United States District Court, S.D. Florida
CECILIA M. ALTONAGA, UNITED STATES DISTRICT JUDGE.
CAUSE came before the Court upon Defendant, Royal
Caribbean Cruises, LTD.'s Rule 50(b) Motion for Judgment
as a Matter of Law (“JMOL Motion”) [ECF No. 161]
and Motion for New Trial or Remittitur (“New Trial
Motion”) [ECF No. 160]. The Court has carefully
considered the parties' written submissions,
record, and applicable law.
case involves claims arising out of the death of cruise ship
passenger, Richard J. Puchalski. (See generally
Amended Complaint [ECF No. 30]). Plaintiff, Laura Goodloe, is
Puchalski's daughter and the appointed personal
representative of his Estate. (See id. ¶ 2).
Defendant, Royal Caribbean, is a Liberian corporation with
its principal place of business in Miami, Florida. (See
id. ¶ 4).
31, 2016, Puchalski was a passenger on Royal Caribbean's
vessel, the Explorer of the Seas, which was docked in Juneau,
Alaska. (See id. ¶ 8). That morning, Puchalski
presented to the vessel's infirmary with shortness of
breath. (See id. ¶¶ 9-10). He was
evaluated by the vessel's physician, Dr. Amanda Saunders.
(See id. ¶ 10). After she performed an EKG, Dr.
Saunders prescribed and dispensed medications to Puchalski
but did not transfer him to a hospital ashore or perform any
further testing or evaluation. (See id.).
parties dispute the circumstances surrounding Puchalski's
departure from the medical facility. According to Plaintiff,
Puchalski was discharged by Dr. Saunders and returned to his
cabin relying on her advice. (See id. ¶ 11). In
contrast, Defendant asserted the affirmative defense of
comparative negligence, arguing Dr. Saunders did not agree
with Puchalski leaving the medical facility and that he did
so against her advice. (See Trial Tr. Day 4 [ECF No.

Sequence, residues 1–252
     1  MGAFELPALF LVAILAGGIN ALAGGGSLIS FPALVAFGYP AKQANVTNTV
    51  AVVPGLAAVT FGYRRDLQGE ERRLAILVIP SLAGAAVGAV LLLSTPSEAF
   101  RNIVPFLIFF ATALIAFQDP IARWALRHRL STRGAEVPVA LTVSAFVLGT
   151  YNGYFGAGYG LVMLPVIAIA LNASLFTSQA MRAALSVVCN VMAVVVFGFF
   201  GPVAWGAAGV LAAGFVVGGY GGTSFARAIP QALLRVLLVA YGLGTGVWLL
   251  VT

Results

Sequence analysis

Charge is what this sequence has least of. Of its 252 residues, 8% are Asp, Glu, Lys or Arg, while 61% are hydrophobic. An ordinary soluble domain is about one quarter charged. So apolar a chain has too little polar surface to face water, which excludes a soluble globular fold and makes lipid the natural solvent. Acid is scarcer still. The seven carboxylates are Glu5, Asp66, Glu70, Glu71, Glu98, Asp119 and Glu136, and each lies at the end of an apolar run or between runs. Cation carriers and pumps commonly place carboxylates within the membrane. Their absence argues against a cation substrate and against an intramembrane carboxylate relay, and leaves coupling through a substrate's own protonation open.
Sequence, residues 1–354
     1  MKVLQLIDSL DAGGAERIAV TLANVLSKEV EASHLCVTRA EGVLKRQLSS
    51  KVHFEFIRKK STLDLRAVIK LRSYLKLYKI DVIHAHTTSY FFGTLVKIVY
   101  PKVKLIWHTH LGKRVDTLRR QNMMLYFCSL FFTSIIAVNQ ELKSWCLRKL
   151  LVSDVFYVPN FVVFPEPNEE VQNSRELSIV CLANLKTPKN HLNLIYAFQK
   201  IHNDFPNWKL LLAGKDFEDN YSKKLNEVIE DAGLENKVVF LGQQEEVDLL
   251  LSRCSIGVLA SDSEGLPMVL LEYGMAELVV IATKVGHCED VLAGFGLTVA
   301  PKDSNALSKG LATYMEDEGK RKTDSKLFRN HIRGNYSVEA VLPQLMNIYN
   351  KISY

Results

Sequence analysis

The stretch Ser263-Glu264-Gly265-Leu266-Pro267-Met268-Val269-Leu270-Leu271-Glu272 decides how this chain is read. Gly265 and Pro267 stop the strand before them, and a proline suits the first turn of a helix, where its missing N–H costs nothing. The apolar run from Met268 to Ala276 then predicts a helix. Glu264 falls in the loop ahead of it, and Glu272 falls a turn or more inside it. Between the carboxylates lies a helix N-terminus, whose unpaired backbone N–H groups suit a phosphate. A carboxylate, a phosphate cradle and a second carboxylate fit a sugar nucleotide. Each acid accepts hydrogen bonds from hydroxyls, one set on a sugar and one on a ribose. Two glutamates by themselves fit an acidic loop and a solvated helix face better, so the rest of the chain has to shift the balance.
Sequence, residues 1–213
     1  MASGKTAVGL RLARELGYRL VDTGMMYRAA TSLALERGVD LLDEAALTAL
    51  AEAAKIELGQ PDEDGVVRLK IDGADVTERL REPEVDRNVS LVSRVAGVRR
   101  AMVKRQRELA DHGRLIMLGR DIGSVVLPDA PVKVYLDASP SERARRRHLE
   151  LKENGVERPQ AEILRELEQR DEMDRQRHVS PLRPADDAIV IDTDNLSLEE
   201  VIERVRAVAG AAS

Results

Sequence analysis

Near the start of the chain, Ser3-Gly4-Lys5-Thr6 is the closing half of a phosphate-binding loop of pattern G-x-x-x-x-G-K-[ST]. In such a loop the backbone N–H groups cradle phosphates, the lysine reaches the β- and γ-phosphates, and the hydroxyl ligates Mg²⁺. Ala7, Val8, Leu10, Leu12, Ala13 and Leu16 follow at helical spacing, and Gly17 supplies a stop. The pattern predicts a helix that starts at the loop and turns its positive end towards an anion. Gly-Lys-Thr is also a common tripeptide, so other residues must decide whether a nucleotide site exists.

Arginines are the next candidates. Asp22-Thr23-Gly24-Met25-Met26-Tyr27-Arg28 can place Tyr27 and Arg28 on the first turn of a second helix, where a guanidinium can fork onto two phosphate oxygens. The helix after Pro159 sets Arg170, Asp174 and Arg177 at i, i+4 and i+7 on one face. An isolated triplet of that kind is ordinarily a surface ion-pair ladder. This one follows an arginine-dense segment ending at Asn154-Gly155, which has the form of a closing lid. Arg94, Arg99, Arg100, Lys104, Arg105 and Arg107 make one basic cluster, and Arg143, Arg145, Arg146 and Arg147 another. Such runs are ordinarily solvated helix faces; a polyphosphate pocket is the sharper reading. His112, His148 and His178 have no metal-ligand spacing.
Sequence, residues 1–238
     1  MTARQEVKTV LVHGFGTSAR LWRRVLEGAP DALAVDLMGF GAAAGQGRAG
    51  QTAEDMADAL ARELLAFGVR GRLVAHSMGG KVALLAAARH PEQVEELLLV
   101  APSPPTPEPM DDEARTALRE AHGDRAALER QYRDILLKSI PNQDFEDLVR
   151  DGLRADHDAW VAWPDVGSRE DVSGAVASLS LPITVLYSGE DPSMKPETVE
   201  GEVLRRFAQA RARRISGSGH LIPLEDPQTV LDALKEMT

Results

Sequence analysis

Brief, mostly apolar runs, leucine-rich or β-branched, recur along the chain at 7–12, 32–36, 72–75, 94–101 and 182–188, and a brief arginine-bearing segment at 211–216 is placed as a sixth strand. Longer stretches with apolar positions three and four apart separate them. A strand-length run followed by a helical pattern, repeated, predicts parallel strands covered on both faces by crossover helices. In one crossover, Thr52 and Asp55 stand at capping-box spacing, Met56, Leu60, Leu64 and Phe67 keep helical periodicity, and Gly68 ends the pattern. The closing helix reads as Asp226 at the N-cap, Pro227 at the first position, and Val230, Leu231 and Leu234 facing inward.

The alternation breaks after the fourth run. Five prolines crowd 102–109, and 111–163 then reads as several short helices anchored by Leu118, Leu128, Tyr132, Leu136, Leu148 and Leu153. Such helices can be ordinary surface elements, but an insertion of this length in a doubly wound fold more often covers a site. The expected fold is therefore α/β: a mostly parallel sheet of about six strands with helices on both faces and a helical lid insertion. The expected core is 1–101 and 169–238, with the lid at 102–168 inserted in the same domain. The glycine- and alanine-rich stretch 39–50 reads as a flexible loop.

176] 91:10-92:8). Although Dr. Saunders' version of
events is not corroborated by her contemporaneous medical
records, Dr. Saunders stated she informed Defendant of these
circumstances during the litigation, in September or October
of 2018. (See Saunders' Dep. [ECF No.
84-1] 18:11-12). In any event, Dr. Saunders' version of
events was not disclosed to Plaintiff until her deposition,
less than two months before the trial.
pretrial motion for sanctions, Plaintiff argued Defendant
ambushed her by disclosing surprise testimony regarding
Puchalski's comparative negligence. (See
generally Mot. for Sanctions). Plaintiff stated Dr.
Saunders' testimony that Puchalski left the medical
facility against her advice was inconsistent with
Defendant's earlier discovery answers and the information
provided by Defendant's experts. (See id.
¶¶ 8-10). The Motion was referred to a magistrate
judge (see Order [ECF No. 75]), who found sanctions
were not justified but that Plaintiff could elicit testimony
as to the timing of Defendant's discovery and disclosure
to Plaintiff of Dr. Saunders' version of events.
(See Judge Goodman's Order [ECF No. 93]).
objected to the magistrate judge's Order (see
Objections [ECF No. 115]), and at the Pre-Trial Conference
argued it would be prejudicial to allow Plaintiff to question
Dr. Saunders regarding when she disclosed her recollection to